May 18, 2013
Written by Joe Pisani
Wednesday, 22 June 2011 23:00
For years I collected parenting books, from Dr. Spock to Dr. Seuss, poring over them to find the perfect formula for fatherhood, that elusive alchemy of wisdom, discipline, love and high blood pressure.
Even though I memorized every imaginable tactic, my kids did what they wanted anyway, and when they got older, I abandoned my crusade and went to the used book store to recoup some of my investment, but the guy tossed the books aside and grumbled, “I can’t buy these.”
“Why? Doesn’t everyone want to be a better parent?”
“This stuff changes every time someone comes up with a crazy new theory.” So I went to the recycling center instead and consigned all that wasted wisdom to the Dumpster.
After years of parenting, I turned to the more rewarding pastime of pet ownership and tried to transfer my skills as a father into caring for turtles, goldfish and parakeets, before moving up to dogs, which is where I am now, having accumulated a library of books about dog obedience.
I suppose I should watch shows like Dog Whisperer, but I don’t have a TV and refuse to expose my puppy to all that violence, not to mention Snooki and The Situation, because she might end up barking with a Jersey accent.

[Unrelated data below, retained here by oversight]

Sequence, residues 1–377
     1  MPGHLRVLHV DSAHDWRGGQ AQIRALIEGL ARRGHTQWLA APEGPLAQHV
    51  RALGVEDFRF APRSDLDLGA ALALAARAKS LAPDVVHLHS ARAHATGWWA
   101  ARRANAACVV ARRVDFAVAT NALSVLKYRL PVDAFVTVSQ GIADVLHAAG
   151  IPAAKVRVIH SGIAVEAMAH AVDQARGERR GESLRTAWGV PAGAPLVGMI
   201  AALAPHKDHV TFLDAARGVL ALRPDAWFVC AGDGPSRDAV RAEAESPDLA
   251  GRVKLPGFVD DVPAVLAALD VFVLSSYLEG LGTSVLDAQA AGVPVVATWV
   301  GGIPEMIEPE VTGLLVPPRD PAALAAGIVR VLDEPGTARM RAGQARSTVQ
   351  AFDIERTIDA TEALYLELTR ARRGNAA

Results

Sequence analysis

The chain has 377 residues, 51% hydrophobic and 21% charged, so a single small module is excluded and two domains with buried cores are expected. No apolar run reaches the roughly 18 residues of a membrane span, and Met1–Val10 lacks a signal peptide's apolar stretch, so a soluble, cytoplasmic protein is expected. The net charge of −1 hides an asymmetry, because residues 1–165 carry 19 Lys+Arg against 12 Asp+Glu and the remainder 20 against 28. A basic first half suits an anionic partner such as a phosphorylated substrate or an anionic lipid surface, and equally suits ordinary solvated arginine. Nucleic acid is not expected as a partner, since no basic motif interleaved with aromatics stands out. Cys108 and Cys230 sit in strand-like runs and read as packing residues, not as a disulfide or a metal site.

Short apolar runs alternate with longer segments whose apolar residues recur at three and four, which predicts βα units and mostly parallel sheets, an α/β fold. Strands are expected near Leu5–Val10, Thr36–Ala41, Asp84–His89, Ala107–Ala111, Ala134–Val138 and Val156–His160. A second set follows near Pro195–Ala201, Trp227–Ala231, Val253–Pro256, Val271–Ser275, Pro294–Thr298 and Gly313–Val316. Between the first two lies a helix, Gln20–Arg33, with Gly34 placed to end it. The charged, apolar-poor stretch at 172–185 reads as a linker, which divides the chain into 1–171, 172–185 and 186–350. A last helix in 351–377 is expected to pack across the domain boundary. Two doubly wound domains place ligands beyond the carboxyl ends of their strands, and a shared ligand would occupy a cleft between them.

Since dogs descended from wolves, traditional trainers say dog obedience is a battle of wills, and we intelligent human beings must show them who is boss, which sounds a lot like parenthood, or even worse, marriage.
Some experts suggest the best approach is to think like a dog. This means you have to start out slowly by sniffing fire hydrants and eventually embrace other canine behavior, such as chewing barbecue-flavored pigs’ ears.
They also recommend getting inside your dog’s mind, which is something I try to do by going down on all fours and staring pensively into my puppy’s eyes until she cocks her head to the side, as if to ask, “Are you OK? Do you require medication?”
“Why did you ignore the wee-wee pad?” I say in my soothing therapist voice. “If I give you a treat, will you apologize and do better next time?”
Rewarding good behavior rather than punishing bad behavior is my new approach, although I did that with my daughters and pretty soon the credit cards maxed out.
Admittedly, it’s difficult to ignore bad behavior and walk away when the puppy chews my slippers, but you’re not supposed to give dogs negative attention.
When she started chewing on the couch, however, I had enough of the touchy-feely techniques and rolled up a newspaper and whacked it against my hand to put the fear of God in her, the same way my father did when our old mutt Blackie brought a squirrel into the dining room and dropped it at his feet at suppertime.
But times and dogs have changed, and before I could blink, the puppy jumped up, snatched the paper out of my hand and ran away with it. Obedience, I guess, has become an outdated concept for man and beast alike.
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